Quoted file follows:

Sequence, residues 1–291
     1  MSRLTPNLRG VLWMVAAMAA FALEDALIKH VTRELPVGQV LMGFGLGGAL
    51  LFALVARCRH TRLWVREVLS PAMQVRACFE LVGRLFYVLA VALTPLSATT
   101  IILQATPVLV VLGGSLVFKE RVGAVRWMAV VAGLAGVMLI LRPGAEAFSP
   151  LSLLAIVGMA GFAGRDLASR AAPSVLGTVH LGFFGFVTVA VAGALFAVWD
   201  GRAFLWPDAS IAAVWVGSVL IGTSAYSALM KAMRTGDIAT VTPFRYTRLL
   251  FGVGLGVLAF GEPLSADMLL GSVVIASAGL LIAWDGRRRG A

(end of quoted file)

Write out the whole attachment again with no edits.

Sequence, residues 1–291
     1  MSRLTPNLRG VLWMVAAMAA FALEDALIKH VTRELPVGQV LMGFGLGGAL
    51  LFALVARCRH TRLWVREVLS PAMQVRACFE LVGRLFYVLA VALTPLSATT
   101  IILQATPVLV VLGGSLVFKE RVGAVRWMAV VAGLAGVMLI LRPGAEAFSP
   151  LSLLAIVGMA GFAGRDLASR AAPSVLGTVH LGFFGFVTVA VAGALFAVWD
   201  GRAFLWPDAS IAAVWVGSVL IGTSAYSALM KAMRTGDIAT VTPFRYTRLL
   251  FGVGLGVLAF GEPLSADMLL GSVVIASAGL LIAWDGRRRG A